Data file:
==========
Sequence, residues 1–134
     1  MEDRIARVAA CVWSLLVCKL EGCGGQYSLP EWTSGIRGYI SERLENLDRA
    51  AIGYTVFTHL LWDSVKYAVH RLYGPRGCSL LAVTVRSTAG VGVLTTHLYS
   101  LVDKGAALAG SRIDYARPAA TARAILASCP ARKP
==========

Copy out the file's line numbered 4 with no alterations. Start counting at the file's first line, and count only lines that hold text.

   101  LVDKGAALAG SRIDYARPAA TARAILASCP ARKP